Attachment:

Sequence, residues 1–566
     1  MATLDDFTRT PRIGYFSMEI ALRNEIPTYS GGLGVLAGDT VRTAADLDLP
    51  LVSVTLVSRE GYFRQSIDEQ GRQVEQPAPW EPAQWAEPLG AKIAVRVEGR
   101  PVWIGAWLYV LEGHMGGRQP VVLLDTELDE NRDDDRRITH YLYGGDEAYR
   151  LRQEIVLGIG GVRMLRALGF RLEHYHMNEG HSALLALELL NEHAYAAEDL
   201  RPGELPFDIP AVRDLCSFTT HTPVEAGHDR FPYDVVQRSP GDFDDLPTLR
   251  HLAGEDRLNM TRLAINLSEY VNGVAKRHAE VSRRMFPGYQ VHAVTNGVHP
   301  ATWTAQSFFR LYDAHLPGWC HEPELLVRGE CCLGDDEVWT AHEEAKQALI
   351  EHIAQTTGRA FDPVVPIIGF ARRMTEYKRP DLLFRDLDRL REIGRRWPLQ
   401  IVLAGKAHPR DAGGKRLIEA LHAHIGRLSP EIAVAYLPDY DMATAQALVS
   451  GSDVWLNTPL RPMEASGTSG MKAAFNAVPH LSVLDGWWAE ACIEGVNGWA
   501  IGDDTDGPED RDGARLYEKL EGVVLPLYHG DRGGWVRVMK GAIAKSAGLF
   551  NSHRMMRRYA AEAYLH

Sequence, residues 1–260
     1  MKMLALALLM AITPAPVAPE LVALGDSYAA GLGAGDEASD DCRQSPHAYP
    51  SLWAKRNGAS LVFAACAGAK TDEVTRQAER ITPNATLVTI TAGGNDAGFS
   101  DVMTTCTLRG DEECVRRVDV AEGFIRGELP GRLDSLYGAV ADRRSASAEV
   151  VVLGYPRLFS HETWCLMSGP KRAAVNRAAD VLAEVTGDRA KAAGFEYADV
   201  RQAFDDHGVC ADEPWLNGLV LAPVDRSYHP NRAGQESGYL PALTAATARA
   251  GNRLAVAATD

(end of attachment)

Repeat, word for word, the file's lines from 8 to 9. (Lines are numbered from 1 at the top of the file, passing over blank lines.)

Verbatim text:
   301  ATWTAQSFFR LYDAHLPGWC HEPELLVRGE CCLGDDEVWT AHEEAKQALI
   351  EHIAQTTGRA FDPVVPIIGF ARRMTEYKRP DLLFRDLDRL REIGRRWPLQ